Recently, the Chinese Society for Aesthetics elected new leadership, and I have been chosen as president of the society. Our next national congress is in the May in Chengdu (a city some of you visited in 2006). I hope we can all meet again soon at a conference in a beautiful Chinese city.
Gao Jianping, IAA President
Springtime in Beijing was, this year, too short. Short and very busy. Some of our good friends visited here, including Ken-ichi Sasaki, Curtis, Carter and Ales Erjavec, and I was very happy to meet them. I will enjoy seeing all of you in between the regular meetings of our Congresses.
Recently, I have attended several conferences in China and elsewhere. In early April, I went to Hangzhou for a symposium on the theoretic significance of Chinese ink-wash painting hosted by Pan Gongkai. We had a very good discussion there on the famous West Lake garden, a place traditionally called "Paradise on Earth" in China. Our friends, Curtis Carter, Richard Shusterman and Peng Feng, gave excellent presentations there. We also met other scholars including François Jullien and Cheng Chung-ying. Two topics discussed were especially interesting and deserve mention here: first, the physical brushwork as the traces of human action to signify the feeling and emotion, or states of mind of the painters, and second, the brushwork as the evidence of the painter's character as a morally exemplary human being. These two concepts represent two interrelated ways of thinking about and interpreting Chinese ink-wash painting.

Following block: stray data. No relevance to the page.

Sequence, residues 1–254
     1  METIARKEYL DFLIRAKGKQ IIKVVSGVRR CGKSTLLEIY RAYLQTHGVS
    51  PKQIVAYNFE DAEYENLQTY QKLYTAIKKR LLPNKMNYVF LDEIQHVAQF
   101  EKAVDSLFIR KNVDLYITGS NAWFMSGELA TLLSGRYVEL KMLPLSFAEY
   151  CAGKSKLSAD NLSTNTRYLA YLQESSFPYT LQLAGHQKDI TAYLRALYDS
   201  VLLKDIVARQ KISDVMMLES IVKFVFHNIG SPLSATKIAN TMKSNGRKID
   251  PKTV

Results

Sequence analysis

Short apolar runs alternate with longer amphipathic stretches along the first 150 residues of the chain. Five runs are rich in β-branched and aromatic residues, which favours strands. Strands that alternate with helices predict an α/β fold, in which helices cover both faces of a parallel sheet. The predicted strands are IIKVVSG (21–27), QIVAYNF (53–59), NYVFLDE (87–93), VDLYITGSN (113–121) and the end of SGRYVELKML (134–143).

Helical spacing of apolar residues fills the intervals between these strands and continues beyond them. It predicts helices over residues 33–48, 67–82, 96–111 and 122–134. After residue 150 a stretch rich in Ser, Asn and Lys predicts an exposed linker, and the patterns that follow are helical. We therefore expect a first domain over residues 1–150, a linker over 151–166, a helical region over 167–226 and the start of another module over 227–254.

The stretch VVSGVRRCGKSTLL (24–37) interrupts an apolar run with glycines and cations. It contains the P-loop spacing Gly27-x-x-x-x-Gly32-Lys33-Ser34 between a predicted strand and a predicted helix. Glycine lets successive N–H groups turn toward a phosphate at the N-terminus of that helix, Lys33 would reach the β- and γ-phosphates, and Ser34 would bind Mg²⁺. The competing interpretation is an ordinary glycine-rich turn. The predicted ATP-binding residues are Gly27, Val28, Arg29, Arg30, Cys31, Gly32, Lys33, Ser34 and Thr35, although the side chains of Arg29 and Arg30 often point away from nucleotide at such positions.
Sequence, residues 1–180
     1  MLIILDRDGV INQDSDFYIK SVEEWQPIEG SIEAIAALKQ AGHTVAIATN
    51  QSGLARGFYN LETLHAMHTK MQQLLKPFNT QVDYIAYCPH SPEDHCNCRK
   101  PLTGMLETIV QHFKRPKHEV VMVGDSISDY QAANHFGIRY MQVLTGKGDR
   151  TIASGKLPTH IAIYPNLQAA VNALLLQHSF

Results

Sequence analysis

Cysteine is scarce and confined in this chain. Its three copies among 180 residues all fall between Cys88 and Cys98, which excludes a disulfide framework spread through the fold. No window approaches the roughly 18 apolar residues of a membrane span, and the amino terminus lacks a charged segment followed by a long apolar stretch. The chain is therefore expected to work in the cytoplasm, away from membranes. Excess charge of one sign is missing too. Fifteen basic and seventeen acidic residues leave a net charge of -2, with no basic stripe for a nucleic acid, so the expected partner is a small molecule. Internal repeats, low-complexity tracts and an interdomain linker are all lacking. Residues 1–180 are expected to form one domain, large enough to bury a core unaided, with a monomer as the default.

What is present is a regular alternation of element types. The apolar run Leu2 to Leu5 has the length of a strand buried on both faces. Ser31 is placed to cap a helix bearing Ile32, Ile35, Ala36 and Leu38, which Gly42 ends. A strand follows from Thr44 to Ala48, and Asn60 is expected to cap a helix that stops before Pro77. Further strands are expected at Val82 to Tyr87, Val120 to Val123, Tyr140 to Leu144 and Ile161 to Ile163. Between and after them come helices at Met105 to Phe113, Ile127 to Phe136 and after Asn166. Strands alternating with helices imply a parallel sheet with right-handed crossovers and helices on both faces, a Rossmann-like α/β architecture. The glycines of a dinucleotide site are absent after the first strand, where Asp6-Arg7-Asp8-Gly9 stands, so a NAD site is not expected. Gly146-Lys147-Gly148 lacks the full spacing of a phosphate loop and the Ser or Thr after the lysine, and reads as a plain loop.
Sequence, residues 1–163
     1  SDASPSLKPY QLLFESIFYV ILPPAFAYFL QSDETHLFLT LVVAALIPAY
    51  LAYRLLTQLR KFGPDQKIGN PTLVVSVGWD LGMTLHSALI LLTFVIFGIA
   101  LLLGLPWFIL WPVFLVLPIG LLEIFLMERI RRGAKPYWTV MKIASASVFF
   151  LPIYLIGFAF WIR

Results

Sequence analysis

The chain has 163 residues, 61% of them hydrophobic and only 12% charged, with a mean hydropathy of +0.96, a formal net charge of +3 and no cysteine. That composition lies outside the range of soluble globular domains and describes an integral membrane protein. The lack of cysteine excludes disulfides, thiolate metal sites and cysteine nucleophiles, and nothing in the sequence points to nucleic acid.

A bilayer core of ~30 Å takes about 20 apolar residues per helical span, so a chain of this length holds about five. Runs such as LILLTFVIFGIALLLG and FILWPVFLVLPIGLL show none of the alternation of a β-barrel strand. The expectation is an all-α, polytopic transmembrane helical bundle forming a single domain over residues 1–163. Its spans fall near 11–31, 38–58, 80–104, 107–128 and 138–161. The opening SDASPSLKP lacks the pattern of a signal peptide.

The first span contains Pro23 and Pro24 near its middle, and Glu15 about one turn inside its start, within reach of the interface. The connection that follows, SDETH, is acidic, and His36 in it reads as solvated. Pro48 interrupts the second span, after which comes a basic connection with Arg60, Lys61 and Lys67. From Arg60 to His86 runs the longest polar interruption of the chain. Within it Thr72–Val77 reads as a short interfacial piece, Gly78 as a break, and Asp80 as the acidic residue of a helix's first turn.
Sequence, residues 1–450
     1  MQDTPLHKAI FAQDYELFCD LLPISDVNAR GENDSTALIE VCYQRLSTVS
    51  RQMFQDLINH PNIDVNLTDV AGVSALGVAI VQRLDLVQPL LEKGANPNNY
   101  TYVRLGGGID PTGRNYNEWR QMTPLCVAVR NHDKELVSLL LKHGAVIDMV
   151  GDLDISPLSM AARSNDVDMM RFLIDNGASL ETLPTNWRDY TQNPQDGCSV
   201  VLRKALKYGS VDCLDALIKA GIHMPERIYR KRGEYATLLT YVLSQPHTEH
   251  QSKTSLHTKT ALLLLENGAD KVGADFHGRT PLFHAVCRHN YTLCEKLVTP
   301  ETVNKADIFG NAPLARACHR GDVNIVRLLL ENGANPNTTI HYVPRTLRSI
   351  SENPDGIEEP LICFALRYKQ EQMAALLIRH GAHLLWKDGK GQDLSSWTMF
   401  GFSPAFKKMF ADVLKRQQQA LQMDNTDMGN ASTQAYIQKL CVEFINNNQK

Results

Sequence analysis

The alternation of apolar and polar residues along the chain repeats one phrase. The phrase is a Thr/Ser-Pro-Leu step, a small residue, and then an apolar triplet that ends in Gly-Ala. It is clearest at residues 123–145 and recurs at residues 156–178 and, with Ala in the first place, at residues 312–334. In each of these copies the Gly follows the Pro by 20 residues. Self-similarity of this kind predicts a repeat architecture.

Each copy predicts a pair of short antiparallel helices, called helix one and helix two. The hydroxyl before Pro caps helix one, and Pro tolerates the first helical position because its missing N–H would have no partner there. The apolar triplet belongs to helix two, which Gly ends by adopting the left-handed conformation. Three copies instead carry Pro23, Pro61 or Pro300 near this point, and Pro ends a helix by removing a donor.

A little later in April, I went to Chengdu (The city where many of us met in 2006. I hope you still remember this city where the Executive Committee meeting of IAA voted to approve Beijing as the venue for the 2010 IAA Congress). At this 2014 Chengdu conference, two key concepts attracted the attention of the participants. First, contemporary literary theory and secondly, its trans-cultural travel. "Contemporary" and "contemporarity" are important concepts because people are considering the possibilities to go beyond the post-modern and post-modernism. The introduction of so many different theories into China has contributed to confusion among Chinese scholars. They now wish to return to their own ways of living and artistic practices. Their aim is to find possibilities for focusing on their own practices while continuing to introduce the theories from abroad. Secondly, the matter of the trans-cultural travel of theories is important. During the 20th century, many theories have become influential internationally. Most of them originated from Europe and became internationally influential by way of their reception and development in the USA. Now, as theories travel to China, it is hoped that their reception and development here can become theoretically significant and fruitful in the future as well.